Today, November 17th, is the 60th anniversary of LEO, the world's first business computer--built by J.Lyons & Co, a leading British food manufacturer at the time that also ran a famous chain of tea shops.
Last week, at the Science Museum in London, Google sponsored a small gathering of early LEO programmers to celebrate their accomplishments and reminisce about their pioneering work.
"Lyons management had long been keen to streamline their back-office operations. In 1947, two Lyons managers visited the U.S. to learn about the latest business processes, including whether the electronic computers they'd heard about during their wartime service, like ENIAC, might be useful. (At the time, the closer-to-home advances at Bletchley Park were still a well-kept military secret.)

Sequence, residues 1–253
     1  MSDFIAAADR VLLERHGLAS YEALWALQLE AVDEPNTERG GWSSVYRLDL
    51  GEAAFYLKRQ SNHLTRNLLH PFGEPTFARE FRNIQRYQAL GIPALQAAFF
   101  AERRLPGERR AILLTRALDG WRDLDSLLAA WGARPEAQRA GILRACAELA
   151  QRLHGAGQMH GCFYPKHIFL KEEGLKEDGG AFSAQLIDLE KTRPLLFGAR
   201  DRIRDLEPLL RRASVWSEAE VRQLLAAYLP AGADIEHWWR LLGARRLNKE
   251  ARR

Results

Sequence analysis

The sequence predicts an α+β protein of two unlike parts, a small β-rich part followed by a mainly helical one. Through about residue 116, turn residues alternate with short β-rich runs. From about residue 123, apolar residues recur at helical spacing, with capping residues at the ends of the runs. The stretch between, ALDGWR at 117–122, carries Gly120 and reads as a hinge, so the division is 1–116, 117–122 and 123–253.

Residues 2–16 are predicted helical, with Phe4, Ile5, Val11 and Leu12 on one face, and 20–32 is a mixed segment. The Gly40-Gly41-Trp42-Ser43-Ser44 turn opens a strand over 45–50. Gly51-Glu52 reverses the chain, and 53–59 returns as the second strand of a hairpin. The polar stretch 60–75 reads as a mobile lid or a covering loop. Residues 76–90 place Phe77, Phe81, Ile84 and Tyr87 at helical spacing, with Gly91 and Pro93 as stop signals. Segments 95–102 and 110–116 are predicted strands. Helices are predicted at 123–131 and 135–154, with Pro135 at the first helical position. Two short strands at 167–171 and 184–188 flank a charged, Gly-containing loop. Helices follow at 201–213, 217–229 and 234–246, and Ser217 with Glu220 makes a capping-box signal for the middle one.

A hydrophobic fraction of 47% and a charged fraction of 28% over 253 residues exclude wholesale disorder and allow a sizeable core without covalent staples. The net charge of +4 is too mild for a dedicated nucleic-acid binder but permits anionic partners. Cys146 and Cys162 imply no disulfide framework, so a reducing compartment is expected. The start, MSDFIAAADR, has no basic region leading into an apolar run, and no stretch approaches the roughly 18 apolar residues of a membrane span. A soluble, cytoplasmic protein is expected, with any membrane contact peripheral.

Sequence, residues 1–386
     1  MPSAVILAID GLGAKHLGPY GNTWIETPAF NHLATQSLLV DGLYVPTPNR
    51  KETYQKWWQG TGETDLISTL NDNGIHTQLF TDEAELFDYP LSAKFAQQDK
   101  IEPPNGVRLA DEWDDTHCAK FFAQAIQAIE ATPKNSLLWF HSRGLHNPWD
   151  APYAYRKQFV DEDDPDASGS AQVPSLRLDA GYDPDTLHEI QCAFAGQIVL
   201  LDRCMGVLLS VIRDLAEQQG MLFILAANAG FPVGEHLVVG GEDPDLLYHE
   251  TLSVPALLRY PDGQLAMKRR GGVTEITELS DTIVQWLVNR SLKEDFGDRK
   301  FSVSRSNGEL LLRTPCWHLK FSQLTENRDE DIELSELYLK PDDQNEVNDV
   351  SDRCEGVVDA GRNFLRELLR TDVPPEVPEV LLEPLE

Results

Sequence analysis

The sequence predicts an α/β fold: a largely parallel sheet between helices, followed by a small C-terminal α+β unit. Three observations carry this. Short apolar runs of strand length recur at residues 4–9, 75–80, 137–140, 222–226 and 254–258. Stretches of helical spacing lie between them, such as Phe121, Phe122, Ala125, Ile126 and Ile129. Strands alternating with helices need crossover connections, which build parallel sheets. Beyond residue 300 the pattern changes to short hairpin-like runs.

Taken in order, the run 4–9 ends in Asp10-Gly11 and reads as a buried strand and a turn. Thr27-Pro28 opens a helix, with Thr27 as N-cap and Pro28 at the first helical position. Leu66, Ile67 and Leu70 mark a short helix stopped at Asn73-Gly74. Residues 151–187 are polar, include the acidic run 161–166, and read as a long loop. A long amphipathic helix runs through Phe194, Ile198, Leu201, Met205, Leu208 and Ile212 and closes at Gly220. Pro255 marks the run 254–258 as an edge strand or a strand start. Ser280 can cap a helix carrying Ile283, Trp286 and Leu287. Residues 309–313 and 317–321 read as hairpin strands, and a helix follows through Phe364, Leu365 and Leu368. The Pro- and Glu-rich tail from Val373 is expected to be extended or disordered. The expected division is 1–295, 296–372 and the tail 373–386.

They returned inspired by the possibilities and keen to build a machine of their own. After several years of development, LEO, a.k.a. Lyons Electronic Office, took on its first office job on November 17, 1951--weekly valuations for the bakery division, calculating margins on Lyon's output of bread, cakes and pies.
LEO was such a success that Lyons set up a commercial subsidiary to sell spare time on LEO to other businesses, including the Ford Motor Company, which used it to process the payroll for the thousands of workers at its U.K. plant. Later, Lyons also built entirely new LEOs and sold them to other blue-chip companies of the era. In total, more than 70 LEO's were built, with the last remaining in service until the 1980's (not bad for a computer that took up an entire room!)," said Lynette Webb, Senior Manager, External Relations.
Here is short film highlighting the contribution of the team behind LEO computers:
Here is a photo gallery of Science Museum, London: